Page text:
Rated 10 out of 10 and Here's Why...
Review by Shane Causer
DVD by Kenton Knepper
Suggested Retail USD$35.00
Available direct from WonderWizards
In a Blink: 10 Out of 10
"Duct Tape Blindfold", a DVD by Kenton Knepper, is one of those things that is too interesting to pass up and, once learned, too devious not to perform, making this a must-have for anyone doing blindfold work or even thinking about it.
And this coming from someone who's not a big fan of blindfolds.
You see, the way I look at it, blindfolds are to mentalism what thumb tips are to magic: over-exposed in more ways than one. It seems like everybody and brother knows about the nose peek, and trick blindfolds are so commonplace NBA stars used them during a slam-dunk competition a few years ago (and then, of course, exposed them to the camera just 'cuz). So blindfolds, to me, are like thumb tips -- they are certainly still usable but they've got to be used differently than Everyone thinks they are used. With blindfolds, that has usually meant adding to the procedure with coins tapes to the eyes, wrapped in cotton, a metal blindfold put in place... you name it.
So along comes Kenton Knepper with a simpler idea but one that is wholly different, throwing the wise guys and gals right into the briar patch with nothing more than 18 inches or so of silver duct tape.
It's all simple enough: the performer needs to have his sight taken away from him, so he uses a length of duct tape from a roll. The length and the roll are examinable; there's no trickery to them. When that tape is on, you're blind as a bat... until you want to see and, from that point, your sight is just fine. No finagling with the tape, no weird facial gyrations after the tape is on... you're good to go from the moment the tape is applied. You can even go nuts and have other pieces of tape stacked on, just for good measure; you'll still have vision whenever you want.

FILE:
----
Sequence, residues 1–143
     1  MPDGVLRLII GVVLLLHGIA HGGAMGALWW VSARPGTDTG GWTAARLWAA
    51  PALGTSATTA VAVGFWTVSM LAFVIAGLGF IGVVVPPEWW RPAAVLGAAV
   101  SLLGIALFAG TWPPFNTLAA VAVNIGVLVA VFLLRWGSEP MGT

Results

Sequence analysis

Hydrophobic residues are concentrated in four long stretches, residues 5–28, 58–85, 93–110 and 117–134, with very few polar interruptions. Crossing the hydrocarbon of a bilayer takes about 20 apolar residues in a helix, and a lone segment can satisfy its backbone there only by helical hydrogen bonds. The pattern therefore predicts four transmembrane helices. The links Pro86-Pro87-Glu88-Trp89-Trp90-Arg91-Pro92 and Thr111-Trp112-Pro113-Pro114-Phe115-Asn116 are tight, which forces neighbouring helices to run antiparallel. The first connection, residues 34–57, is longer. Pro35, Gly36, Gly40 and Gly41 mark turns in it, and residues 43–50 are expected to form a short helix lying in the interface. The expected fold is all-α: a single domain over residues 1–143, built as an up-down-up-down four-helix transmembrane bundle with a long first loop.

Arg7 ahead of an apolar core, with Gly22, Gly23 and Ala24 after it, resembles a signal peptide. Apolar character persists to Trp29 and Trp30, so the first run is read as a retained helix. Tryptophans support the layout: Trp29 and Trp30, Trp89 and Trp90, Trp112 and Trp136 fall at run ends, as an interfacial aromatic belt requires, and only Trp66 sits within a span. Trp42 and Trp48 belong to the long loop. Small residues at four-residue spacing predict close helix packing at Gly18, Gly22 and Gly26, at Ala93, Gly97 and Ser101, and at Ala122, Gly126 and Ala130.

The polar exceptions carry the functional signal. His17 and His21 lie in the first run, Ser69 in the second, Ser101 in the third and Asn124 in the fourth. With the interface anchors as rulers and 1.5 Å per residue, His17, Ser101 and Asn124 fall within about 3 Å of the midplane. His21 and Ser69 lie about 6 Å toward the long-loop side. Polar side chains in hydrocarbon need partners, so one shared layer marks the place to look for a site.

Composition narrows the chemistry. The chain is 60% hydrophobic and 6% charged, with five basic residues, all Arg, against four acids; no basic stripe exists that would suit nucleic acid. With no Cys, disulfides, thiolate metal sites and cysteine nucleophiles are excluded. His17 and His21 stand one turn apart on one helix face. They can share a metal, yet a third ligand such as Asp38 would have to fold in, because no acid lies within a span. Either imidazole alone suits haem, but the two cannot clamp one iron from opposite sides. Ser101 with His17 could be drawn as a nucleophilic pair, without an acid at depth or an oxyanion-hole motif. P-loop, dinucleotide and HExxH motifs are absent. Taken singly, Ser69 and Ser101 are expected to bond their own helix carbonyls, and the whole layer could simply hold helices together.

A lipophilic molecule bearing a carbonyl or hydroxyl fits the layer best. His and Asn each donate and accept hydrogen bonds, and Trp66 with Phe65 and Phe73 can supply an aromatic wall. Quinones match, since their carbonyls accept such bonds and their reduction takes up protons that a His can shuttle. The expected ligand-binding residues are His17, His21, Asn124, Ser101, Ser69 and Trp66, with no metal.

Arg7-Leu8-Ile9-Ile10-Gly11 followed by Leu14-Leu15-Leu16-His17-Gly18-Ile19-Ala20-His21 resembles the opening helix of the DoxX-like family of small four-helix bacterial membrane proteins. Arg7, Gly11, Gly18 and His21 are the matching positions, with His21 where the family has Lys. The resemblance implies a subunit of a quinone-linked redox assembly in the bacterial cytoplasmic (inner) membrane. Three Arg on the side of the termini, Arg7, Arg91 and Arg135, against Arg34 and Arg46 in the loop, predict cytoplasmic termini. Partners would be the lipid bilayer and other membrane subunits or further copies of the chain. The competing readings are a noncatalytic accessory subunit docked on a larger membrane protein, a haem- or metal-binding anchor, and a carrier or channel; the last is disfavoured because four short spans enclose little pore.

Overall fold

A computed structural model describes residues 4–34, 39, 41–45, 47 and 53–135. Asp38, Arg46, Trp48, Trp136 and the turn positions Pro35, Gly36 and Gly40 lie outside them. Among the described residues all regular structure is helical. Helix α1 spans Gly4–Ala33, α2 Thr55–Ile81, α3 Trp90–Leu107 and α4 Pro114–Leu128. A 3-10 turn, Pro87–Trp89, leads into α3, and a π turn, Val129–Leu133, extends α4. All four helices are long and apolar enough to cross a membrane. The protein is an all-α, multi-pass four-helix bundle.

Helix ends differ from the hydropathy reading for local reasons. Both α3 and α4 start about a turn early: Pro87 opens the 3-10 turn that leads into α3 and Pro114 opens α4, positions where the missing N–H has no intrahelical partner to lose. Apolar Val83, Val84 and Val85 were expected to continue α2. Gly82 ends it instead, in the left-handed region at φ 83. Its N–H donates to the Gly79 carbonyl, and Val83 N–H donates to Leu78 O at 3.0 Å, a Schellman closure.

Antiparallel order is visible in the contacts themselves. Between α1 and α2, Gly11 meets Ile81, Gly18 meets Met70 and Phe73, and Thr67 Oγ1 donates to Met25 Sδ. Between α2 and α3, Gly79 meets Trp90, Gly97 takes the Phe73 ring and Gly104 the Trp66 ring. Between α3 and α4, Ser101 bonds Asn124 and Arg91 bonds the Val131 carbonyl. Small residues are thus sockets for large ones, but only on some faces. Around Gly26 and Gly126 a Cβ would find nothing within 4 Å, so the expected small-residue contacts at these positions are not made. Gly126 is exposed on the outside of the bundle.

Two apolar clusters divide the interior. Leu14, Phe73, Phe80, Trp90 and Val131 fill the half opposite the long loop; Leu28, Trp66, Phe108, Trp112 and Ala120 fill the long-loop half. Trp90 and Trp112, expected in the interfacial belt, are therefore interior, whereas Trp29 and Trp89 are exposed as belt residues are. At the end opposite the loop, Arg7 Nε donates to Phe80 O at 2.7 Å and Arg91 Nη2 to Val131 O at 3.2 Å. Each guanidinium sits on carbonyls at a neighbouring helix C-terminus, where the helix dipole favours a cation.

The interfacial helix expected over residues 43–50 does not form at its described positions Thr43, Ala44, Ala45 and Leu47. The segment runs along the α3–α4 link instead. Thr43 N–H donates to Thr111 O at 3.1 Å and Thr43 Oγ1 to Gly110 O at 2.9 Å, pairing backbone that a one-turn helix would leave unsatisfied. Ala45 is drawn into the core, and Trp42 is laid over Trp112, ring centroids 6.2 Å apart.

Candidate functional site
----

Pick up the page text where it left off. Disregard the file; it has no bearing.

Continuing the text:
If ever you wanted to use a blindfold in a routine, this is one you need to check out. It's great for any number of revelations, drawing dupes, roulette routines or pretty much anything you can think of. Knepper uses it on the disc as part of his "Three Card Blindfold Location" (we'll get to that in a second), a drawing duplication, and a telepathy demonstration involving numbers and dates, but any of that is just the tip of the iceberg. "Duct Tape Blindfold" is a tool, a very useful tool, that is just waiting to be used in any way seen fit.
Now, there are a couple of caveats here that have to be mentioned.
First, there's no nose peek (you can look straight down at the ground if you want to, and still be able to see what you need to, to a certain extent). In fact, the viewing angle is downright odd when compared to other blindfold ideas I've run across. If you're new to blindfold work, you won't think that much about it (other than to handle some certain cases that may arise, but Knepper covers all of that on the disc); if you've used more traditional blindfold techniques, that viewing angle may put you off and simply not be your thing. Me, I found it to be a bit liberating when compared to other methods, with a greater field of vision and clearer focus, but your mileage may vary on that one.
Second, there are some things you simple can't do with "Duct Tape Blindfold". Cannot. As in, don't even bloody try it. The ads mention the classic "blindfold drive" as a no-go, and there are others, I'm sure. Still, the things you can't do with it are miniscule compared to the things you can. Let's put it this way, other than blindfold drives and some walking situations, pretty much any classic blindfold routine can be done with this and done much easier and more deceptively.